E-commerce comes of age in India

For India's e-commerce industry, the times they are a-changin’. While the penetration of e-commerce is low, it is growing at a fast rate with a large number of new entrants, reaching an inflection point.
Written by Abhishek Baxi, Contributor

For India's e-commerce industry, the times they are a-changin'. While the e-commerce penetration is low compared to the United States and several European markets, it is growing at a much faster rate with a large number of new entrants.

Most industry analysts agree that the growth is at an inflection point. India's e-commerce market was worth about US$2.5 billion in 2009, US$6.3 billion in 2011, and $14 billion in 2012. The country has close to 10 million online shoppers and this number is growing at an estimated 30 percent.

"With approximately 8 million Indians shopping online in 2012, the online shopping industry in India is growing rapidly and will continue to see exponential growth," said Rajan Anandan, vice president and managing director of Google India. "By looking at the trends in 2012, we expect 2013 to be a strong growth year for players who're focused on growing categories like apparels and accessories, and niche product categories like baby products, home furnishings, and health nutrition. We expect the growth to come from outside of the top eight metros."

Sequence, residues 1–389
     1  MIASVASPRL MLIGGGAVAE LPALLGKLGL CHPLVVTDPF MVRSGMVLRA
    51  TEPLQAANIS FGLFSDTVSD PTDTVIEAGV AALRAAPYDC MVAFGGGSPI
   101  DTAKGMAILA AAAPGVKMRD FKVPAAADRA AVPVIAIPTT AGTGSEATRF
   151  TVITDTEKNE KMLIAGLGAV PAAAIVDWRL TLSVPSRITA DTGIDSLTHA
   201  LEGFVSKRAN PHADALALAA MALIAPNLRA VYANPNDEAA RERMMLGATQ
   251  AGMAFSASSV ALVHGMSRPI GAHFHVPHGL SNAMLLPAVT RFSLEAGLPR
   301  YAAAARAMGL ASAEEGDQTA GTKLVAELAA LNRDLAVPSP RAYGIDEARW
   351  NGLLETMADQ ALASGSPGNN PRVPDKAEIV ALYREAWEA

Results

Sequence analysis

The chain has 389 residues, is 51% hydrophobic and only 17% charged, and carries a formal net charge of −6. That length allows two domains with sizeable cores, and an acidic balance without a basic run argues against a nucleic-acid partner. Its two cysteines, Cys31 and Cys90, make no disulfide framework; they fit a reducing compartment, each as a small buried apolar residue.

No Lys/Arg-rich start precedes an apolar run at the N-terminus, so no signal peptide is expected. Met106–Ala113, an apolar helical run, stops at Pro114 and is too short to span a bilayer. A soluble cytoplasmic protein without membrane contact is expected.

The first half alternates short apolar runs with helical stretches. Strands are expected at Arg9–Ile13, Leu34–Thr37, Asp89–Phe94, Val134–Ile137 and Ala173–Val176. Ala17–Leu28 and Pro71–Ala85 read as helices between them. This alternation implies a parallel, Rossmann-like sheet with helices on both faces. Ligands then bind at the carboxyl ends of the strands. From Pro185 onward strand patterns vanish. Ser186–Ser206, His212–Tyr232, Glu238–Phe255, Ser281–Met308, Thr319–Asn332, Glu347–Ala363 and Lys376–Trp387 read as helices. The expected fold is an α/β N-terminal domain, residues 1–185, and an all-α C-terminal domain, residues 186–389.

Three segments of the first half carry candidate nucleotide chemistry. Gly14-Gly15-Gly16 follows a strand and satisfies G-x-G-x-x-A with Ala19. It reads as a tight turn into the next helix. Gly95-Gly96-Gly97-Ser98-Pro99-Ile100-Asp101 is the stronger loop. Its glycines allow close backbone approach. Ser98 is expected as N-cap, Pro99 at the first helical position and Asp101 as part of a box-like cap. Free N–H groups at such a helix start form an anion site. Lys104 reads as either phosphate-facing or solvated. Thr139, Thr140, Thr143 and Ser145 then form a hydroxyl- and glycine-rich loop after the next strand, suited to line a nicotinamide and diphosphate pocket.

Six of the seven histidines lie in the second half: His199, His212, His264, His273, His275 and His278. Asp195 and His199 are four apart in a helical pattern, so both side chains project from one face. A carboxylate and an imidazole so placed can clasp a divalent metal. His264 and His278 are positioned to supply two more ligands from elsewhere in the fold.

While there have been some obvious deterrents of shopping online like the inability to touch and try the goods before purchasing, concerns over receiving faulty products, and security concerns in posting personal and financial details online, there are unique aspects of online shopping in India.

For example, cash-on-delivery is the most preferred payment method. India has a vibrant cash economy and as a result, 80 percent of e-commerce transactions in the country are cash-on-delivery. Also, direct imports constitute a large component of online sales. There is huge demand for international consumer products that either are not available in India or are expensive on retail shelves.

On the other hand, online shoppers have also been positive toward global trends. Online classified sites like eBay and local players--OLX and Quikr--see more consumers buying and selling second-hand goods. Also, major e-commerce players like Infibeam and Tradus, and Flipkart soon, are also adopting the online marketplace model.

"Looking at the online shopping experience holistically, streamlining the entire process is what led to the rise of e-commerce in India," explained Amod Malviya, senior vice president and head of engineering at Flipkart. "For example, factors like cash-on-delivery, and increased automation of supply chain and logistics have gone a long way in addressing concerns like lack of credit card penetration and bottlenecks in last-mile deliveries."

"Increased application of technology in both backend and frontend processes have improved the browsing experience, and provided consumers with greater transparency when it came to the order process and so on," Amod added.

He breaks down a visitor's journey in three phases. "One, find and discover the product of need. Two, decide. And three, transact. Of these three, in our case, the transaction step has the least dropoffs, primarily limited to the payment gateway's success rates. Cash-on-delivery is a great help here.

"Factors that impact the customer during the decision phase are many, and also vary from category to category. Availability and pricing usually play a significant role. Images of the product have a significant role for some categories. Lastly, richness of the information about the product as well as product reviews have a noticeable role to play."

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